BHP Billiton slashes dividend, drops payout pledge

CNBC with Reuters
BHP Billiton cuts dividend, announces shakeup
BHP Billiton cuts dividend, announces shakeup
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The bright spots in BHP's H1 results
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New Aussie TradeMin on BHP numbers and more

Top global miner BHP Billiton slashed its interim dividend by 75 percent, the first reduction since 1988, amid a rout in commodity markets that has sent prices of oil, iron ore, coal and other raw materials tumbling.

The world's biggest diversified miner reported a net loss of $5.67 billion for the first half of the 2016 financial year, its first loss in more than 16 years, and cut its interim dividend to 16 cents. Analysts had expected a dividend of 31 cents.

BHP ditched its progressive dividend policy, which held that it would pay a steady or higher dividend at each half-year result, to protect its solid 'A' credit rating, the highest in the decimated mining sector.

"Finally they've admitted that perhaps this slump in commodities is going last for a little bit longer than short-term," Robert Brierley, head of research at Patersons Securities in Perth, told CNBC's The Rundown.

BHP will also cut capital and exploration expenditure down to US$5 billion in FY17 from US$7 billion in FY16.

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"Slower growth in China and the disruption of OPEC have resulted in lower prices than expected," BHP Chief Executive Andrew Mackenzie said in a statement.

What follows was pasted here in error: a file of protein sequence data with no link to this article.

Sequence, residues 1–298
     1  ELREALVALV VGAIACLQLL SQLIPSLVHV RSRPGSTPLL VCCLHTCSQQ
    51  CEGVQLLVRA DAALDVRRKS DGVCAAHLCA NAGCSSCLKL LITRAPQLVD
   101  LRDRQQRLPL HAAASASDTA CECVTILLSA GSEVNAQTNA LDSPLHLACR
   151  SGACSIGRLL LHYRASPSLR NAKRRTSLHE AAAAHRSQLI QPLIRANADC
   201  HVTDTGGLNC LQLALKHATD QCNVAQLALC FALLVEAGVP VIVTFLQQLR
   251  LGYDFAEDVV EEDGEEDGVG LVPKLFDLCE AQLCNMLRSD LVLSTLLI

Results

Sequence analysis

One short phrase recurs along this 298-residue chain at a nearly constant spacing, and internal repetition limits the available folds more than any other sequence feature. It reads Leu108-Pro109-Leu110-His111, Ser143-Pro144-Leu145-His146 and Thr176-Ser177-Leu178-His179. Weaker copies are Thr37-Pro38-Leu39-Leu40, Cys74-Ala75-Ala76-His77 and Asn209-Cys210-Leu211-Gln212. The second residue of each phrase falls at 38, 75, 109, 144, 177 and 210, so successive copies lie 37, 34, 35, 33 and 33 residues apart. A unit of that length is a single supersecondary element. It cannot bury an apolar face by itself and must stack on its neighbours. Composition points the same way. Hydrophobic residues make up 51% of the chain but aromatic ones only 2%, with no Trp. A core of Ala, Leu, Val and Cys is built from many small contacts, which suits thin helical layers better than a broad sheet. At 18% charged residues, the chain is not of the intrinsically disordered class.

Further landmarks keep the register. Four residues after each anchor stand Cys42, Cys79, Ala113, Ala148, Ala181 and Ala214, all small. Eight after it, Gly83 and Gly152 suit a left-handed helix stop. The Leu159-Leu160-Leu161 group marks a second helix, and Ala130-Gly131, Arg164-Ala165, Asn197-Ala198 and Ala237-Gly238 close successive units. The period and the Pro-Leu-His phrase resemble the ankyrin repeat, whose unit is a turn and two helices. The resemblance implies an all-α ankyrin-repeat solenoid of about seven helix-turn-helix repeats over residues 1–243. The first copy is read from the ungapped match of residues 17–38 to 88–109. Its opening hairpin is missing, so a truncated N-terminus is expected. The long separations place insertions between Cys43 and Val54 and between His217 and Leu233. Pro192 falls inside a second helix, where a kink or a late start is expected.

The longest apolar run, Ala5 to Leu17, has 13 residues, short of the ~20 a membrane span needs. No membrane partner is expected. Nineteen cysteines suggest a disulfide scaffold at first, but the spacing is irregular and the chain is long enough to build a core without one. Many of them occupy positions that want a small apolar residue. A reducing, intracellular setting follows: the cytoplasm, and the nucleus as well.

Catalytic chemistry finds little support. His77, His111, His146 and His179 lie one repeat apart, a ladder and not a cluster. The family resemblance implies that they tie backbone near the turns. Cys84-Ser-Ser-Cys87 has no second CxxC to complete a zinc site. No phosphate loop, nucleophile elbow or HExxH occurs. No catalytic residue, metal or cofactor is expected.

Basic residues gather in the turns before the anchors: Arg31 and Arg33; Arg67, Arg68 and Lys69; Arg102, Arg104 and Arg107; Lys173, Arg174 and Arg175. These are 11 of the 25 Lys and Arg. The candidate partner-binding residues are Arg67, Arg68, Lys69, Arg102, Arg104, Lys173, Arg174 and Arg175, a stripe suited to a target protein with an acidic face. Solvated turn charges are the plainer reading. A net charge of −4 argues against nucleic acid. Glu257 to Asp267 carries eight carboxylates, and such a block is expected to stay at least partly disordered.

"Our new dividend policy and transparent capital allocation framework are part of a broader strategy to help BHP Billiton manage volatility," he said.

Underlying attributable profit plunged to $412 million from $4.89 billion a year earlier, missing analysts' forecasts for around $585 million, as commodities prices plummeted to multi-year lows.

Standard & Poor's cut BHP's credit rating to 'A' from 'A+' this month and warned it might downgrade the rating further if the company failed to take more steps to preserve cash and review its dividend policy.

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With cuts in operating expenditure, capex and dividend, BHP will be freeing up some $10-$12 billion of cash in the next two years, which will not only improve its debt and operating positions, but also potentially open up M&A opportunities, said metals and mining analyst at Shaw and Partners, Peter O'Connor.

With compound annual growth rate at 9 percent a year in the last 10 to 15 years that is now down to 4-5 percent, BHP will need M&A or other projects to top up that growth, O'Connor told CNBC's Squawk Box.

BHP cautioned that it expected a prolonged period of weaker prices and higher volatility and announced a simplified company operating model.

The miner also faces hefty costs from a dam disaster in Brazil at its Samarco joint venture with Vale <VALE5.SA>, which killed 17 people in that country's worst environmental disaster. It took an after tax charge of $858 million relating to the disaster.